I am writing this piece from Guinea, the last stop of the West Africa tour we have been on with President Recep Tayyip Erdoğan. Turkey, despite the regional and internal problems it faces, has been continuing its foreign policy openings. In this frame, Erdoğan and his retinue have been extending great effort to develop bilateral relations with Cote d’Ivoire, Ghana, Nigeria and Guinea for the past five days. Turkey is once again speeding up the Africa opening it began a year ago in 2005.
These opening efforts, operationalized with Erdoğan’s leadership, have not found enough of a place on the agenda in the international, Turkish or African media. However, Turkey aims to make serious investments in the region, make contributions to the area of humanitarian development and develop new partnerships on the basis of mutual profit.
Possibly the reason for the international media’s insensitivity is that it is more interested in crises and risks than it is in “openings” and positive agendas. In this sense, Turkey becomes a point of interest mostly in the context of the Syrian crisis, the security risks in connection to it and the systemic debates in domestic policy.
In fact, at a press conference prior to leaving on the West Africa trip, the few sentences Erdoğan said about Turkey’s domestic politics found much more space than the aims and content of the trip itself. In an answer he gave to a question, he said that he does not find the Constitutional Court’s decision to be correct and that the decision does not limit him. As will be remembered, the Constitutional Court decided that Cumhuriyet daily Editor-in-Chief Can Dündar and Ankara representative Erdem Gül, who were arrested on charges of “aiding a terrorist organization” and “spying,” were to be released. Dündar and Gül, benefitting from the individual application right that was made into law in 2010, applied to the Constitutional Court, and it speedily decided for the release of the two with a majority vote.
What Erdoğan said prior to leaving for West Africa were presented by opposition circles that have taken an anti- Erdoğan position as a general attitude to signify what they call his overstepping of authority and even more, another signifier of authoritarianism.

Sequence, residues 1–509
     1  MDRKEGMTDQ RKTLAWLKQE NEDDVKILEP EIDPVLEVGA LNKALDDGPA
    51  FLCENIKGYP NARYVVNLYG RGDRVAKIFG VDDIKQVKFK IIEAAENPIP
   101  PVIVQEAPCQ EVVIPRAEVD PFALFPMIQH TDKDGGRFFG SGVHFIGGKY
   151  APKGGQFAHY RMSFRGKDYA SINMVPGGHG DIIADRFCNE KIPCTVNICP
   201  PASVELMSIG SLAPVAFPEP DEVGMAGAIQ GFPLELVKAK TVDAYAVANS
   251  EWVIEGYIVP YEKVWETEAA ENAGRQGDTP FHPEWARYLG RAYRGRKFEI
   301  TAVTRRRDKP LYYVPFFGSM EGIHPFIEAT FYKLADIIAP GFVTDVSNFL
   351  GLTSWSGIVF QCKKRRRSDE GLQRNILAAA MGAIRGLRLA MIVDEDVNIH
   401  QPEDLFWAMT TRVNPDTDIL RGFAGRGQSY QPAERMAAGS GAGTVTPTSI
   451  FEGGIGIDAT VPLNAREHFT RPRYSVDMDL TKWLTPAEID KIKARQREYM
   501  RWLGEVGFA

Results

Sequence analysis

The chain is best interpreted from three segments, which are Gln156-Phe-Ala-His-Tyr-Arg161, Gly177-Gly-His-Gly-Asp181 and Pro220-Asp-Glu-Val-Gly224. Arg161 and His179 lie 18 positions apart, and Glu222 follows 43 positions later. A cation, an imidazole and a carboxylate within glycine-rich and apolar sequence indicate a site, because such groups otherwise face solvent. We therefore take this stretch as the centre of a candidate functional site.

In fact, Erdoğan showed the amount of his reaction to the Constitutional Court’s decision. Contrary to what is thought, there is not just a political approach underlying Erdoğan’s reaction. Of course, he regards this intervention by the Constitutional Court in an ongoing case of spying as weakening the security of the state. He thinks that the Constitutional Court is adding to a structure that unfairly wants to paint Turkey as a country that gives aid to terrorists in the international arena. But there is also a legal basis to his reaction. And Erdoğan, trusting this basis, very clearly stated his position against the Constitutional Court.
With this last decision, the Constitutional Court has put itself in the position of the courts of first instance, intervened during the process of arrest and spoiled the legal proceedings. The Constitutional Court took up the application made to it based on the individual application right made law in 2010. The individual right of application is encoded in Article 148 of the Republic of Turkey’s Constitution. According to the law, “everyone can apply to the Constitutional Court with the claim that their fundamental rights and freedoms have been infringed by any public institution within the scope of the European Human Rights Covenant.” However, the following provision within the same article clearly shows the authority gasp by the Constitutional Court: “In order to apply, all other legal roads must have been exhausted.” In the case of Dündar and Gül, it is very clear that all legal roads had not been exhausted. In this sense, the Constitutional Court’s decision is one of intervening in an ongoing trial.
Another factor is the value given to this decision by the Constitutional Court as if it were an interference made to the Constitution or legal article. In front of us is a case of individual application and, of course, its results is not binding for Erdoğan. Neither does to it bind me or any other citizen of Turkey. If it had been binding, the Constitutional Court’s decision would not have been sent back to the court of first instance.
Erdoğan, moving from this perspective, took up an attitude clearly against the decision of the Constitutional Court. There is an aim here to create a crisis in the system and an image of Turkey experiencing a crisis of sovereignty. Maybe the actual aim is for Turkey to isolate itself in the new period and to prevent it from following opening policies. What do you think?
[Daily Sabah, March 4, 2016]